Friday, September 30, 2011


Release date:
September 30, 2011
Tigmanshu Dhulia
Mahie Gill, Jimmy Shergill, Randeep Hooda

This is the most sex I’ve ever seen in a mainstream Hindi film which has no apparent ambition to be sleazy. Thankfully the scenes have been shot aesthetically. And while they’re a significant part of Saheb Biwi aur Gangster (SBAG), there’s more to this film than the beds and rock formations against which its protagonists give vent to their lust.

SBAG is the story of Saheb, scion of an erstwhile royal family in North India with political ambitions, a wife driven crazy by neglect, a mistress on whom he fritters away his dwindling wealth and a stepmother who maintains a tight hold on the purse strings. Saheb’s desperation to keep up appearances & his decadent lifestyle lead to a rivalry with local criminal Gainda Singh who plants his man Babbloo in the household as the driver of Saheb’s wife aka Chhoti Bahu. This mole completes the titular trio of a Saheb (Jimmy Shergill), a Biwi (Mahie Gill) and a Gangster (Randeep Hooda). Political intrigue, crime and betrayal … throw them into the pot with these protagonists and you get an enjoyable film neatly wrapped up in just two hours.

The strength of SBAG is its snug writing by Tigmanshu Dhulia (also the director) and Sanjay Chouhan. The story is a complete departure from all the politics-meets-the-underworld films we’ve seen in recent years; the dialogues are neat and crisp. With Dhulia at the helm of affairs, the lead actors deliver top-notch performances whether it’s Shergill as the arrogant yet desperate king-without-a-kingdom, Gill as his wife whose lunacy hides more than meets the eye, or Hooda – my pick of this cast – who switches chameleon-like from aggression to insecurity, opportunism, jealousy, helpless passion and heartbreak without overdoing the emotions for even a moment. It’s a mystery why Indian filmdom has had so little to offer this talented and attractive actor who we first saw on the big screen in Mira Nair’s Monsoon Wedding. Rajeev Gupta delivers a brilliant supporting performance as a slimy state minister Prabhu Tiwari whose backstabbing leads to comical yet chilling situations, while Vipin Sharma as Gainda Singh is remarkable during his interactions with Tiwari.

Is Saheb Biwi aur Gangster a remake of Sahib Bibi aur Ghulam? Let’s just call it a tribute. Not only is that 1960s classic in a league of its own, this modern interpretation rewrites Abrar Alvi’s characters completely. Gill’s Chhoti Bahu is far less helpless and vulnerable than Meena Kumari’s Chhoti Bahu in Sahib Bibi aur Ghulam. And the ferociously lustful sexual encounters between her and Babbloo are a million miles away from the movingly hesitant relationship that developed between Guru Dutt’s Bhoothnath and his memsahib all those years ago.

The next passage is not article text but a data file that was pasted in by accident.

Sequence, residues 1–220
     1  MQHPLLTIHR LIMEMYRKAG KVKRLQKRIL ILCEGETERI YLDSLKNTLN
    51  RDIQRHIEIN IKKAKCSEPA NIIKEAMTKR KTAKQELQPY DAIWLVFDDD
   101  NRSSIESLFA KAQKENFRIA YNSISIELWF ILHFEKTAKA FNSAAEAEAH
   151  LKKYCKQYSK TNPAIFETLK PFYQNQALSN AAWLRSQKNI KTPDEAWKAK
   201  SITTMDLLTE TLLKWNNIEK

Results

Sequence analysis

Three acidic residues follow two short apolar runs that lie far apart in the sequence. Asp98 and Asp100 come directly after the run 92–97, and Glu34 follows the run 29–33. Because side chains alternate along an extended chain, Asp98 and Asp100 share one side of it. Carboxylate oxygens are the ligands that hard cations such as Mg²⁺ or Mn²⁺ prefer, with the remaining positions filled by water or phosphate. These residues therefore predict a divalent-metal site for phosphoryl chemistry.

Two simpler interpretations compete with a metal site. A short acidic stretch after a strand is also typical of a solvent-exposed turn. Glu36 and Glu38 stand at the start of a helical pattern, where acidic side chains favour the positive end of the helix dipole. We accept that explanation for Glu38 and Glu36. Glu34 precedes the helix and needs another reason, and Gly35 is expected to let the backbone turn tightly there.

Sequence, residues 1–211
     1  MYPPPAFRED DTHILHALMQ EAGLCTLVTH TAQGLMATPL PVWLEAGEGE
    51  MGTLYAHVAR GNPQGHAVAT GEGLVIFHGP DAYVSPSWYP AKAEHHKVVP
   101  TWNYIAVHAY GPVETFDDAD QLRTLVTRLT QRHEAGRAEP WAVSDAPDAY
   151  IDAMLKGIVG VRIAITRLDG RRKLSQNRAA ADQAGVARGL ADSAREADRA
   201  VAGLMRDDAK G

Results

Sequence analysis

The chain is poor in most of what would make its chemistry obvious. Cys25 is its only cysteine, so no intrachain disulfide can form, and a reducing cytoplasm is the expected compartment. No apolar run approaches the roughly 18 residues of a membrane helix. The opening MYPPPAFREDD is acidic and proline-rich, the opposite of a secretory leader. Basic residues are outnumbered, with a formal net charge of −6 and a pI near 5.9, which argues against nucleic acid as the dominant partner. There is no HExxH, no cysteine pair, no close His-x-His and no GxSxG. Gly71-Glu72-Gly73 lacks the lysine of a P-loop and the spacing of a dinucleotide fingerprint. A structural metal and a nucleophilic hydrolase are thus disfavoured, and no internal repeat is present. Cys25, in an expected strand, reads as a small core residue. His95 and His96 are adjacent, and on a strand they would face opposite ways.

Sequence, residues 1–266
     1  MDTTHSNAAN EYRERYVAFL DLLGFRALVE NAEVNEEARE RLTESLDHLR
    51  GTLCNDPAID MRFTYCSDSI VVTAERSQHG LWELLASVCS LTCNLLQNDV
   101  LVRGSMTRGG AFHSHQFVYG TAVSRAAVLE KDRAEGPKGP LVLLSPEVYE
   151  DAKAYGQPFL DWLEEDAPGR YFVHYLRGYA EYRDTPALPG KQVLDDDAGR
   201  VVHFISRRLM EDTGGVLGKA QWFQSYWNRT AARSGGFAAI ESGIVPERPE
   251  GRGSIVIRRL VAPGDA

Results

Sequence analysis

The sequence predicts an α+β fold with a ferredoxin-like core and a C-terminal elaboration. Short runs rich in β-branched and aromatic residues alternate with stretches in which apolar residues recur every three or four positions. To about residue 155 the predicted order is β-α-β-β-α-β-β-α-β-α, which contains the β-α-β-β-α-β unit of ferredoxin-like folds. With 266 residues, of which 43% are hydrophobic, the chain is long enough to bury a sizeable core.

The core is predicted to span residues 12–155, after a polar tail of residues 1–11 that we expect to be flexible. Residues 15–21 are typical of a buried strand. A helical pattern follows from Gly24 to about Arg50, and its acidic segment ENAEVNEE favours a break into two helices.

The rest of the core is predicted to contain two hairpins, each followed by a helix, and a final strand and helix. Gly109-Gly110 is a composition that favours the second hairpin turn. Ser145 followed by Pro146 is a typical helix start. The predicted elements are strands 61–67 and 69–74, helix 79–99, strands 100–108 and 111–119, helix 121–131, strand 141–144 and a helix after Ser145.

Director Tigmanshu Dhulia builds on his strong foundation in SBAG with a steady hand that keeps this film pacy throughout. He is the man behind that wonderful love-and-crime-on-the-Allahabad-University-campus thriller Haasil that arrived and disappeared from theatres in 2003, done in by its pathetic promotions. His subsequent films – Charas and this year’s Shagird – haven’t matched up to that brilliant debut, though in Shagird he did give us one of the most interesting characters Nana Patekar has ever played. Saheb Biwi aur Gangster isn’t on the same level as Haasil, but it’s highly entertaining all the same. One memorable scene features Saheb at a window, speaking on the phone to the minister as he watches Babbloo standing below and talking on the phone too; Babbloo is at that very moment in conversation with Gainda Singh who happens to be in the minister’s room at precisely the same time. In an earlier scene infused with an uncommon blend of comedy and high tension, Saheb arrives at Tiwari’s office, while Tiwari is closeted with Gainda Singh. Hide in the toilet, the minister tells Singh in a state of panic. Singh’s protestations, Saheb’s entry and their confrontation are smoothly put together. The locations have been well chosen to convey the film’s small-town setting. And the art director’s work on Saheb’s palace is an apt signifier of bygone glory.

Where the film flounders is in serving up some tacky extras who are part of an unexpectedly poorly handled shootout involving Saheb, his mistress, his loyal lieutenant Kanhaiya, Babbloo and Gainda Singh; a couple of superfluous sex scenes that seemed to have been thrown in for effect; a couple of not-so-credible plot twists especially a crucial one involving a character behind a curtain to whom Chhoti Bahu makes a confession; and music that sounds pleasant enough, yet is too much like something you’ve heard before. But much is forgiven if you succumb to the overall impact of this unusual film.

Very very nice, Mr Dhulia!
Rating (out of five): ***

CBFC Rating:                       A without cuts (Hard to believe but true! The Indian Censors are growing up!)
Running time:                        120 Minutes
Language:                              Hindi

Photograph courtesy:     

1 comment:

  1. SBG as its known in twitter world, is as tricky as the name suggests. Its a royal threesome with so many twists n turns.

    SBG is definitely one time watch, may be more for those who want to see mahe gill at her best :)